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  #1  
Unread 07-10-2019, 06:49 PM
Andrew Szilvasy Andrew Szilvasy is online now
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Default Reading Italian

Hi all,

My Latin is now pretty darn good, and I can read French and Spanish pretty alright. I got my Latin in a different way, but I've used some books aimed for graduate students to really get the other two languages good enough to read Le Monde and El Mundo and academic prose. Poetry with work.

Yet I can't seem to find an equivalent of "French for Reading" or "Spanish for Reading" with Italian. Given I have a decent amount of the related languages, I'm looking for a text that might do that. Do I just need to buy a grammar?

Last edited by Andrew Szilvasy; 07-11-2019 at 06:27 AM.
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Unread 07-10-2019, 08:03 PM
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Julie Steiner Julie Steiner is offline
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I've found this helpful. It's more detailed than it looks at first blush--some of the charts are collapsed and have to be expanded before you can see all that they offer:

https://en.wikipedia.org/wiki/Italian_grammar

Last edited by Julie Steiner; 07-10-2019 at 08:09 PM.
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Unread 07-11-2019, 02:57 AM
Andrew Frisardi Andrew Frisardi is offline
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With your language strengths the move over into Italian should be smooth. Why not just books written in really good Italian, with a grammar and a dictionary at hand?

I'd recommend Carlo Collodi's Pinocchio and Alessandro Manzoni's I promessi sposi (The Betrothed), for the excellent Italian, not always easy but you can trust the sources. A more modern writer to try in this way is Cesare Pavese, or maybe (more difficult) Italo Calvino.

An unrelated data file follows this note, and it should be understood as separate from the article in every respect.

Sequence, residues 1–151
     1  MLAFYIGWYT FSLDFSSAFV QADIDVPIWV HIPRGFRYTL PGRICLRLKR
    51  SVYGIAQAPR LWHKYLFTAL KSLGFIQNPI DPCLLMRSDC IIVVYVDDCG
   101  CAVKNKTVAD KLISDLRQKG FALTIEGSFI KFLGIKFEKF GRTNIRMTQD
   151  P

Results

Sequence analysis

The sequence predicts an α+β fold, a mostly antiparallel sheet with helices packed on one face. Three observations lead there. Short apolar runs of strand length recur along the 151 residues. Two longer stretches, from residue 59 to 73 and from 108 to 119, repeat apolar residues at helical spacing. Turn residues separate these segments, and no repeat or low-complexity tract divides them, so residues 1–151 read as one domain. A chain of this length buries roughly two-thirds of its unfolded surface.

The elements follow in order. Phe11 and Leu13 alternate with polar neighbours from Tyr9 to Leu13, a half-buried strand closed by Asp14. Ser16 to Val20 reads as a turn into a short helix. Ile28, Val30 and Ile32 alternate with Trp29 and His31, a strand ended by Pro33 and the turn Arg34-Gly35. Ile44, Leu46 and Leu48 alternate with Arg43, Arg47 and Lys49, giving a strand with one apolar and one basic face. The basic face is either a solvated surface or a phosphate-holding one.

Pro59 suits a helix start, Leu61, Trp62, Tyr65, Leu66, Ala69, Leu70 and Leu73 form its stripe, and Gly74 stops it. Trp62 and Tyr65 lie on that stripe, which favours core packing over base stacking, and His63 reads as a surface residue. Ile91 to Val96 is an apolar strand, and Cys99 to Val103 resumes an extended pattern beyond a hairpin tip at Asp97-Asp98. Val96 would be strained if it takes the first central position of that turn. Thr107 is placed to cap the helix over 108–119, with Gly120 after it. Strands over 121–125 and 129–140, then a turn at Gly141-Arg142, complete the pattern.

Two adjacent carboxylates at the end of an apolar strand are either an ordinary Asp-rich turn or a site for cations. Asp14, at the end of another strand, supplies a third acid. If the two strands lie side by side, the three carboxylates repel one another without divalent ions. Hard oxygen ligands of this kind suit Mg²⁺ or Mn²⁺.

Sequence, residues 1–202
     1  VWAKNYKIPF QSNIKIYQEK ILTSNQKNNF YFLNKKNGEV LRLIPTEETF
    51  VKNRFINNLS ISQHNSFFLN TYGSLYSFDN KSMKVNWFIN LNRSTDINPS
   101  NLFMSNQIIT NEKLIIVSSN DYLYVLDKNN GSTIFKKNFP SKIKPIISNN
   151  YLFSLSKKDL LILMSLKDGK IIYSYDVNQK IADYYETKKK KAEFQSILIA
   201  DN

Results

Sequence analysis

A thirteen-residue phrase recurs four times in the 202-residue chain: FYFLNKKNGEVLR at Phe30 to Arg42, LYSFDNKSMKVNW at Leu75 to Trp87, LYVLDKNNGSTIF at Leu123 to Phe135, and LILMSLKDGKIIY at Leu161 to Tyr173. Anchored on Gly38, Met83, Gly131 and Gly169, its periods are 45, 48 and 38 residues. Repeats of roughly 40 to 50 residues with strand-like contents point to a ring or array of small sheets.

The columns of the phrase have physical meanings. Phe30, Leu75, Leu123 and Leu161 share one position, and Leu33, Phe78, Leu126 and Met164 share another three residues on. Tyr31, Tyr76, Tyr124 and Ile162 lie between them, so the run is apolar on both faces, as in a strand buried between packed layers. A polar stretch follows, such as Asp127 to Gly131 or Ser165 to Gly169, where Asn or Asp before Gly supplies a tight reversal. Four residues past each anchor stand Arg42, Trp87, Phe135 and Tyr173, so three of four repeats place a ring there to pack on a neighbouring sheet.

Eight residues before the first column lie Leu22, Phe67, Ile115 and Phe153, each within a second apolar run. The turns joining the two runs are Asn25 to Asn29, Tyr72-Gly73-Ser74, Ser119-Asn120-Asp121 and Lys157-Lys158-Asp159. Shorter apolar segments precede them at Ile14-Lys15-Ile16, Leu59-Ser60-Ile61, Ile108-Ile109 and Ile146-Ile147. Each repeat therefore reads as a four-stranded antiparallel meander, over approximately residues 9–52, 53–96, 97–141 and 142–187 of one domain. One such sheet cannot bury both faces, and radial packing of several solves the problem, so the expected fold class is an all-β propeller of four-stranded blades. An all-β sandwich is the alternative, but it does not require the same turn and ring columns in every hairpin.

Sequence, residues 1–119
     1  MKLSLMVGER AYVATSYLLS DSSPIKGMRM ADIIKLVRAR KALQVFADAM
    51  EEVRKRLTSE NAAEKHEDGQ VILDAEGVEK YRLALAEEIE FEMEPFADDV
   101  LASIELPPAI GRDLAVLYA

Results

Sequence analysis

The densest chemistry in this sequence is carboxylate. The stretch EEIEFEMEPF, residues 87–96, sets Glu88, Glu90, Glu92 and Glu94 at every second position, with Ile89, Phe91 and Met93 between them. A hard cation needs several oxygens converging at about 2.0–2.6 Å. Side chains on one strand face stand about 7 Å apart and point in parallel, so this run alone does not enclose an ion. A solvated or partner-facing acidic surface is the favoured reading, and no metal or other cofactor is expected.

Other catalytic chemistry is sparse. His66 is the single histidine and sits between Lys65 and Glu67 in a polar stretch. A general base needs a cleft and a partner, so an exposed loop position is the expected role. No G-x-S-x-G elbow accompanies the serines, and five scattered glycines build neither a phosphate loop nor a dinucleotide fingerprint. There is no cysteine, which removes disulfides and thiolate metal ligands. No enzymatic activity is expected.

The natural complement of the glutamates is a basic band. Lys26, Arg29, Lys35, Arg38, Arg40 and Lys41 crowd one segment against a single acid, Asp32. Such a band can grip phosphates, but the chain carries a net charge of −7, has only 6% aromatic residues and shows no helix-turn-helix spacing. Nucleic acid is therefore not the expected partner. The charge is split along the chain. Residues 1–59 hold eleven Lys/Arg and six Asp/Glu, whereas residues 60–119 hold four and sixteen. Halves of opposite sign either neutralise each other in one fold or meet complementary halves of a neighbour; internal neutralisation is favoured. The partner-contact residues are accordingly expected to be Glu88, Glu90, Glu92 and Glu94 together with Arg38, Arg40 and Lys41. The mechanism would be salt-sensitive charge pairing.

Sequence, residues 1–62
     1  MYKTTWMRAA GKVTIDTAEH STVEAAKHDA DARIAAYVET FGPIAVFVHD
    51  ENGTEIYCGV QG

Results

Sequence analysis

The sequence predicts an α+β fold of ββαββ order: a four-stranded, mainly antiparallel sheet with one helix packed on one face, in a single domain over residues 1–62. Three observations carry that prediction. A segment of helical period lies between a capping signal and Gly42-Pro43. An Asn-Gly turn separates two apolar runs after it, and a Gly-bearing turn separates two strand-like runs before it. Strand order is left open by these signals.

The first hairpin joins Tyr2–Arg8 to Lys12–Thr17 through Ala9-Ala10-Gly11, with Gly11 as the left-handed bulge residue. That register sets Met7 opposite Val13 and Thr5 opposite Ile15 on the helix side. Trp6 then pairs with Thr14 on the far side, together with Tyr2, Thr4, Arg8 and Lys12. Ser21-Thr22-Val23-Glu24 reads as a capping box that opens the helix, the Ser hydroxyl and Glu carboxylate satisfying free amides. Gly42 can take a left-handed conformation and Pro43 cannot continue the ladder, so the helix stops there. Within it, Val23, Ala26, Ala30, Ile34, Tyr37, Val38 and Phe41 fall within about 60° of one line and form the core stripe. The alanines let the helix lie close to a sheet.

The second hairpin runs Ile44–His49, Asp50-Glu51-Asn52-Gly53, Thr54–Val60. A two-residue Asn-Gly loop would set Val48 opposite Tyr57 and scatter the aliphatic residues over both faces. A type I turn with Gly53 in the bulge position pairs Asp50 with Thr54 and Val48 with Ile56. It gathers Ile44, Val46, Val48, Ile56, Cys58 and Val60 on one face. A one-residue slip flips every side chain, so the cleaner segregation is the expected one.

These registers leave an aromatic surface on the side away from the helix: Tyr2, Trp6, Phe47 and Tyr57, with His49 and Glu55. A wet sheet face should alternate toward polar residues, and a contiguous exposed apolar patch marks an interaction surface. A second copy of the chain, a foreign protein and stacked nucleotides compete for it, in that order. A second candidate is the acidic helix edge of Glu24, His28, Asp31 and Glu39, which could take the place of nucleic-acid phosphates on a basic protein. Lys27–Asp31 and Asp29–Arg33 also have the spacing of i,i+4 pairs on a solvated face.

Good luck.
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Unread 07-11-2019, 05:37 AM
John Isbell John Isbell is offline
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It may still be possible to buy a bilingual Divina commedia for $5 or so. Andrew, I don't know what you think of the Bickersteth terza rima version, but I like it a good deal. I found it easier to wade into Dante than into the great Manzoni. Also, Dante is neatly bite-size in his canti, you can have a sense of achievement and take a break when needed.
Leopardi I found challenging.
Here's the Geoffrey Bickersteth (used) for $4.49 at Amazon.

Cheers,
John

Last edited by John Isbell; 07-11-2019 at 06:14 AM. Reason: took out link ...
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Unread 07-11-2019, 07:22 AM
Andrew Szilvasy Andrew Szilvasy is online now
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Julie: Thank you. I've bookmarked this as an easy, searchable grammar.

Andrew: the dictionary should be fine (I tend to use online ones for reading nowadays), but do you have a suggestion for a progressive grammar? I've put Pavese's La Bella Estate and Pinocchio in my cart. Thank you.

John: A quick amazon search couldn't find me a good bilingual Dante for that price. I am obviously hoping to read it because of my interest in the Duecento, Trecento, and later poetry (I know there's excellent fiction, too, but I read that less).
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Unread 07-11-2019, 07:31 AM
John Isbell John Isbell is offline